Covid-19 Is Draining the Suds from Brazil’s Soap Operas


Brazilians take their melodramas seriously. So when penniless Eliza, the star of “Totalmente Demais”(Total Dreamer), a soap opera spinoff of Pygmalion, runs off to the big city in search of a job and a new life, this nation of couch warriors drew battle lines.

Would Eliza — a tropical Eliza Doolittle — end up with humble Jonatas, a hardscabble street vendor who falls hard for the ingenue  and helps rescue her  from the perils of the urban fleshpot? Or better she surrender to Arthur, the slick fashion impresario who whisked her onto the catwalk with whispers of fame and fortune? Last month as the on-screen rivalry grew fierce, so did the social media frenzy over which pair — “Joliza” or “Arliza” — to ship.

Never mind that everyone already knew the denouement. (She chooses Jonatas.) Totalmente Demais debuted five years ago. Its revival owes not to popular demand but the coronavirus, which has forced producers everywhere to shut down studios, stages and stadiums. Totalmente Demais is just one on a long playlist of reruns that signature Brazilian network TV Globo is counting on to keep the house-bound nation in swoons and tears. Will reheated soaps still juice Latin America’s most demanding living rooms?

Hold the hydroxychloroquine. “The show is more popular now than when it originally aired,” Mauricio Stycer, a television critic for the website UOL told me. But this is where the story line for TV Globo, and culture providers everywhere, gets murky. So intense was the partisan engagement over Eliza’s fate, scores of discontents demanded a new ending, with Eliza going for Arthur. The author demurred; there simply was no way to reshoot the finale in mid-pandemic.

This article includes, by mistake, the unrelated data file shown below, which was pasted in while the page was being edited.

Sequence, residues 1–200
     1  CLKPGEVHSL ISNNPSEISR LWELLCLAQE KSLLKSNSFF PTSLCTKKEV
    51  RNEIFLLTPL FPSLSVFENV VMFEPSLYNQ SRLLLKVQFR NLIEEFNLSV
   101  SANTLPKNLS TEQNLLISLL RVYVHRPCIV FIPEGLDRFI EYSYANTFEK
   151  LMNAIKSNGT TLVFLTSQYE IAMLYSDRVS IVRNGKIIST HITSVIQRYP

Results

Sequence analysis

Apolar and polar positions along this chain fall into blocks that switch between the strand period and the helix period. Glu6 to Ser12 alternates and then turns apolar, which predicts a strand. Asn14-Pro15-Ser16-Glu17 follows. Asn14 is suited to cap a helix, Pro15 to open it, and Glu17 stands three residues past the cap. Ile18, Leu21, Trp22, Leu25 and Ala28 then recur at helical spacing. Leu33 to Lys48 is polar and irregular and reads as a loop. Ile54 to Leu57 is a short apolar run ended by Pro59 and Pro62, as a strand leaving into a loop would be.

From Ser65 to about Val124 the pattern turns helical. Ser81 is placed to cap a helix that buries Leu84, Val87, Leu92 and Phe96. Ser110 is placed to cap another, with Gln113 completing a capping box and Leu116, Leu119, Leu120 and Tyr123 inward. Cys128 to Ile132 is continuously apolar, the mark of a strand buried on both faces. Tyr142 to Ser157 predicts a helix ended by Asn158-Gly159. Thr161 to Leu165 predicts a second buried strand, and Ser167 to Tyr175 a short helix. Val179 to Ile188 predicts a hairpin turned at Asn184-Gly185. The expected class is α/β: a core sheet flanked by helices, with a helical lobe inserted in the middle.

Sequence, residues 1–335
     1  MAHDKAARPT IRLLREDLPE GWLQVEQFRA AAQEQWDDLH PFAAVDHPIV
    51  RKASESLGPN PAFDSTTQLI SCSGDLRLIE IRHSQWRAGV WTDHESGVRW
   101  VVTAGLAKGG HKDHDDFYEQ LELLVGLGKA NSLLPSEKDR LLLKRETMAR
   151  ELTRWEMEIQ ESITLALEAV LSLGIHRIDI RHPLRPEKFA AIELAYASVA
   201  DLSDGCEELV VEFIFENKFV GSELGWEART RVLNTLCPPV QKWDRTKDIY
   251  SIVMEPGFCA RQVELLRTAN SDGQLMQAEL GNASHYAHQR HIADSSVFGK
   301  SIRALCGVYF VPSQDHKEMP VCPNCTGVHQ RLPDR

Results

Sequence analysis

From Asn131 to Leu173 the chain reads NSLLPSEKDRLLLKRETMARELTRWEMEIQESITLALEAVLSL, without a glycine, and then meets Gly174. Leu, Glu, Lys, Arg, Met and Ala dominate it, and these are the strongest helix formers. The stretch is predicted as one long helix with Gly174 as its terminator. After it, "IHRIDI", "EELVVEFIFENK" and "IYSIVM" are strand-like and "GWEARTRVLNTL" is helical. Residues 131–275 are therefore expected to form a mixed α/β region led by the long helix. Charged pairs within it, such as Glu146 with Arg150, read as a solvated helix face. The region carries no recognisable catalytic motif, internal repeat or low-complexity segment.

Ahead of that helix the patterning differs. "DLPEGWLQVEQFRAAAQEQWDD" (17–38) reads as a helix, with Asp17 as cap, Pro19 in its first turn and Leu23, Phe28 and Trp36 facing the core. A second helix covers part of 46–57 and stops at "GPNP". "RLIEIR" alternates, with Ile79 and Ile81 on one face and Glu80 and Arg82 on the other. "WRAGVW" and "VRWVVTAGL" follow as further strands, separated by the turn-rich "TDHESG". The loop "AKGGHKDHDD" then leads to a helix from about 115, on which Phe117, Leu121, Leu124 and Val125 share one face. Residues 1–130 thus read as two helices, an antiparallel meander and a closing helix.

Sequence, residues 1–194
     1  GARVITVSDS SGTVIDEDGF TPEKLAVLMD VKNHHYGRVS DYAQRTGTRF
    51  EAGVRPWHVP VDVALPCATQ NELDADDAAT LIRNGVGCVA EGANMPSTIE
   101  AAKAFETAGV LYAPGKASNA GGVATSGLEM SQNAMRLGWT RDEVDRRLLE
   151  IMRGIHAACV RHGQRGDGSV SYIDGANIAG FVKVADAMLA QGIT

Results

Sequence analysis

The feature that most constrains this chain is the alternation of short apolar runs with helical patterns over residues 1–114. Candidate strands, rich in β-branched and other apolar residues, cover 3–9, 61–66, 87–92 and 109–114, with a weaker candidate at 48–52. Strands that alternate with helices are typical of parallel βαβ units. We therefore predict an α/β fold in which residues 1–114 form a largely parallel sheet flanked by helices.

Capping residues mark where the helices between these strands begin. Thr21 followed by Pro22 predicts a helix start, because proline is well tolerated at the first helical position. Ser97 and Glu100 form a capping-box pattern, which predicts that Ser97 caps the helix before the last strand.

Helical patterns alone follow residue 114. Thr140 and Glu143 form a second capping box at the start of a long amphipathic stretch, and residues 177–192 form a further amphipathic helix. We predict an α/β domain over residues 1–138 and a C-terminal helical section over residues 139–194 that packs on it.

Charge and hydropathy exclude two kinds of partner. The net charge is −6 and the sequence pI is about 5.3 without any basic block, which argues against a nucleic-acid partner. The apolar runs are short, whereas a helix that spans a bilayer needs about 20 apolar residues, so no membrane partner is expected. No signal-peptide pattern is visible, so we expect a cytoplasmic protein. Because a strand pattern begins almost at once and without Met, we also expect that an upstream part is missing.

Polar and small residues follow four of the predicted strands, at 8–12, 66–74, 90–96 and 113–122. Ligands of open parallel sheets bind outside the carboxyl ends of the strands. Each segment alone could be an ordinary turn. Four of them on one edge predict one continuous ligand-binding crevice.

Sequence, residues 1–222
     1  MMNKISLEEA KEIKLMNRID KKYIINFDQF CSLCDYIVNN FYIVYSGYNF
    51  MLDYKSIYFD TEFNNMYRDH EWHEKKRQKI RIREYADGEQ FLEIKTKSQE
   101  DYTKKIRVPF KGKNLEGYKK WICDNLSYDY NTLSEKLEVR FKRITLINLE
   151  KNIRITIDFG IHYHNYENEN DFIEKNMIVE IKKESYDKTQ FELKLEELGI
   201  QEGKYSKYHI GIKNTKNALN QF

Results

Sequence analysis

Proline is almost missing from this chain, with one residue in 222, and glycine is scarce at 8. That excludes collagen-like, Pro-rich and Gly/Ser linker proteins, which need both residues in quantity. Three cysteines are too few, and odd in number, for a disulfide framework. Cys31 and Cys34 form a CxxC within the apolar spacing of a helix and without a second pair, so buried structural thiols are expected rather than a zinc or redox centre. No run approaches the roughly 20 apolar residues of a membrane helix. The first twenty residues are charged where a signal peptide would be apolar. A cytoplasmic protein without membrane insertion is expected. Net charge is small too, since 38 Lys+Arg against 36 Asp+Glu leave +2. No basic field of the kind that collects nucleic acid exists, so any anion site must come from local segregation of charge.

The message to the entertainment moguls was hard to miss. Yesterday’s favorites may keep screens aglow while families are stuck indoors, but the thrill of the old will fade. Yes, newscasts have plugged part of the programming gap, but viewers cannot live on grim headlines alone. The problem is especially dramatic for TV Globo, the national market leader, which was forced to put 14 primetime soaps and dramatic series on ice as it pored over how to reboot the nation’s most cherished industry. Over the years, seasoned director and writer Ricardo Linhares has seen actors fall ill and suffer heart attacks, with one dying in mid-production. “But we’ve never faced a moment like this when the whole industry comes to a hard stop,” he told me.

This is not just any industry. What keeps Brazilians stoked and talking through good times and bad are its teledramas. (Not for nothing did President Jair Bolsonaro briefly cast veteran soap star Regina Duarte as his culture secretary, though she bombed in the role after just 77 days.) The novela has already suffered setbacks, mainly from on-demand providers like Netflix and Amazon Prime. But streaming services are still too pricey for Brazil’s majority of modest and lower income households, whose go-to pastime is still the broadcast sagas. While the main networks, which are not publicly traded, don’t publish their revenue flows, it’s no secret that novelas are the meal ticket. Before coronavirus, market leader Globo aired four separate homemade telenovelas six days a week during prime viewing hours.

So how to convincingly shoot guy gets girl, or girl gets girl, and still safeguard cast, crew and socially responsible messaging?

Cautionary tales abound. The host of a popular family variety show at SBT, another big network, recently tested positive  a few weeks after the station jump-started tapings in April, and all her crew is under observation. The network has since suspended new shoots. A number of other screen and stage celebrities have also fallen ill.